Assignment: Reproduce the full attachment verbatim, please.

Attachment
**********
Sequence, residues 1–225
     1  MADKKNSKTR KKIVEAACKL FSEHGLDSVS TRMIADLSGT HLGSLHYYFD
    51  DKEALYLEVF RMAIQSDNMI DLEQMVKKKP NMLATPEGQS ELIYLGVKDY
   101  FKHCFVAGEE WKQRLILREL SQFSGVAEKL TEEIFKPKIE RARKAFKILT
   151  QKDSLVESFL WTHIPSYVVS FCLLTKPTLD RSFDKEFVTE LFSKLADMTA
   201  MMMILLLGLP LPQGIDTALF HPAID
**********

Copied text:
Sequence, residues 1–225
     1  MADKKNSKTR KKIVEAACKL FSEHGLDSVS TRMIADLSGT HLGSLHYYFD
    51  DKEALYLEVF RMAIQSDNMI DLEQMVKKKP NMLATPEGQS ELIYLGVKDY
   101  FKHCFVAGEE WKQRLILREL SQFSGVAEKL TEEIFKPKIE RARKAFKILT
   151  QKDSLVESFL WTHIPSYVVS FCLLTKPTLD RSFDKEFVTE LFSKLADMTA
   201  MMMILLLGLP LPQGIDTALF HPAID